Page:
United Airlines put its first Boeing 777-300ER -- along with its ballyhooed new Polaris cabin -- in the air Monday, flying its newest aircraft type on a four-hour demonstration flight from Chicago O’Hare to San Francisco.
CEO Oscar Munoz was on hand for the occasion, performing a ceremonial ribbon-cutting at the airport and performing gate duties as United showed off the jet. True to the role, Munoz scanned the boarding passes of media members and other VIPs flying on what the airline billed as its debut flight of the aircraft.
Still, Monday’s flight was a not a regular "revenue" flight, but rather part of a continuing publicity blitz by United to show off its new business-class cabin. The 777-300ER, United’s first plane to get its updated Polaris seat, will enter revenue service for the first time on Thursday (Feb. 16).
Initially, it will fly domestically between Newark Liberty and San Francisco – a hub-to-hub route for United that connects two of its biggest bases and will allow crews to become familiar with the cabin layout on the new aircraft.
United will expand its 777-300ER service to international routes as more models of the plane enter its fleet. The airline says the new Polaris-outfitted planes will begin flying between San Francisco and Hong Kong on March 25 when the 777-300ER will replace United’s Boeing 747-400s that currently fly the route.
As for Monday’s flight, that came as United has been hyping its new Polaris cabin and service. It’s all part of a broader turnaround strategy at the company, which finally seems to have found some forward momentum after an extended run of inconsistent operations and customer service following its 2010 merger with Continental.
"It's more than a product. It represents the new spirit of United," Munoz said in remarks before the launch, according to Travel Weekly.
Indeed, many have credited Munoz – who took over as the company’s CEO in late 2015 – for restoring a sense of optimism at United. In addition to working to update the carrier’s product, Munoz has been assembling a respected management team that many industry observers believe could restore the company as a formidable force in the U.S. airline industry.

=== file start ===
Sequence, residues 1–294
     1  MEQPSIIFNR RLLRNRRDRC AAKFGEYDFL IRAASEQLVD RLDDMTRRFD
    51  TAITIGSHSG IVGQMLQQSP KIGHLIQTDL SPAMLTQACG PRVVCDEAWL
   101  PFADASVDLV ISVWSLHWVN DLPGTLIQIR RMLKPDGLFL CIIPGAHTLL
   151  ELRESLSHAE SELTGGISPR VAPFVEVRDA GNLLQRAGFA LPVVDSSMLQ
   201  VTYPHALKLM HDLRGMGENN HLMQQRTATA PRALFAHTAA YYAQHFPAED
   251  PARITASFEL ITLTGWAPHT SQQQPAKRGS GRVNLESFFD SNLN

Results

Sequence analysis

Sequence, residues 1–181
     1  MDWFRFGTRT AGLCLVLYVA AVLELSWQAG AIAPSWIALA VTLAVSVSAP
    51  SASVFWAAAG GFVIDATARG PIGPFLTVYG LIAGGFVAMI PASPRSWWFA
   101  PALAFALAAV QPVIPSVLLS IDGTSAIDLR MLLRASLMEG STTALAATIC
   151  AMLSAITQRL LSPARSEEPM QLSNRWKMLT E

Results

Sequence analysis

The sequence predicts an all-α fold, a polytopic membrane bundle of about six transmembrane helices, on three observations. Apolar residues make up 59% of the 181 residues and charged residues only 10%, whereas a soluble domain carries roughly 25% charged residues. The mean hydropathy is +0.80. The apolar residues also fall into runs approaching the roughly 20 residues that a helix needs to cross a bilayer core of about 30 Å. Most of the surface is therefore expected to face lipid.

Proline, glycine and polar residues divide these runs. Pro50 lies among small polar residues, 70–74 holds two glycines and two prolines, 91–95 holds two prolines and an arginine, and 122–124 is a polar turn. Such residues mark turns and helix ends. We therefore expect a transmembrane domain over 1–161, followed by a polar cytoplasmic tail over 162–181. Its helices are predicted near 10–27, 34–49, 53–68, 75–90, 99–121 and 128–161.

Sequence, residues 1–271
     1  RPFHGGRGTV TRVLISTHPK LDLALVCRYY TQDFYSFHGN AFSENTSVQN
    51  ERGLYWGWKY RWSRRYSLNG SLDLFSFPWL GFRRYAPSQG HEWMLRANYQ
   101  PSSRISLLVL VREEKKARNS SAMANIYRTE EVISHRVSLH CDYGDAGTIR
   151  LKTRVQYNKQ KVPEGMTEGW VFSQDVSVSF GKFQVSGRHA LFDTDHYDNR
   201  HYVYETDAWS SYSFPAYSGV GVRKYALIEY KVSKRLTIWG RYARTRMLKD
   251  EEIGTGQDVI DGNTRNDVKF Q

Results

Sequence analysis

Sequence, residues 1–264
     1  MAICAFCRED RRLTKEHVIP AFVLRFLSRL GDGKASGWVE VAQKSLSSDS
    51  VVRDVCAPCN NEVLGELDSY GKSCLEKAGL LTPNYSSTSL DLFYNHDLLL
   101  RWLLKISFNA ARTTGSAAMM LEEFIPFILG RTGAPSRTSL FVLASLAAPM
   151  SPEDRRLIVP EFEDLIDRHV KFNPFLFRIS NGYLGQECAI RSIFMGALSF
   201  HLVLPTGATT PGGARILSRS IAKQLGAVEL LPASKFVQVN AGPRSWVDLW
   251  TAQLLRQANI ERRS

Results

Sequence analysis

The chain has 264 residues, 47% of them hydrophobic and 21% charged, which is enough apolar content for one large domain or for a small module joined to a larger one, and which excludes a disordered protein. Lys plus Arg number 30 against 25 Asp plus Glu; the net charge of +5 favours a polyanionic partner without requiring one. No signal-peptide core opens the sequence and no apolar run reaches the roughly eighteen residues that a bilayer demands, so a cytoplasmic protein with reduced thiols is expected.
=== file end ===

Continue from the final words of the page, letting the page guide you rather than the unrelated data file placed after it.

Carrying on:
For now, all eyes are on United’s overhauled “Polaris” business class cabin. United has already rolled out in-flight service elements of Polaris, but the new seat and cabin design will debut with this first 777-300ER before slowly rolling out to more of United’s long-haul fleet.
United’s new Polaris seats have so far received generally positive feedback. Each of the lie-flat seats in the cabin includes direct-aisle access – a significant improvement from the carrier’s current business-class layout that requires many customers to climb over their neighbors to get in and out of their seats. Other amenities, like Saks Fifth Avenue bedding, have been mostly well-received.
In coach class, however, United will move to a 10-abreast seating layout that features a 3-4-3 configuration. United had already announced plans to move to a similar "high-density" layout on several of its older Boeing 777 aircraft.
Seth Miller was on United’s demonstration flight on behalf of the Runway Girl Network, a site dedicated to covering seats, aircraft interiors and other items that account for “passenger experience.” He reviewed the flight, including this take on the economy cabin:
“The decision to go 10-abreast in economy class is not surprising but also not particularly comforting for those who fly in the back. The seats are tight, with three of us rubbing shoulders and elbows while trying out the space. I’ve done the 3-4-3 layout a few times now and it feels even a smidgen tighter to me than the Boeing 787’s 3-3-3 layout, though that may just be psychological, as one sees an extra human in each row of the 10-abreast 777.”
Overall, United’s new 777-300ERs will include 102 Economy Plus seats and 204 standard economy seats. Unlike on many international carriers, United’s Economy Plus seats come only with about three extra inches of legroom; they will not include separate recliner seat types that have become increasingly common in the so-called “premium economy” cabins of international carriers like Lufthansa, British Airways, Air France, Qantas, Cathay Pacific and others.
(Ben Mutzabaugh - Today In The Sky / USA Today)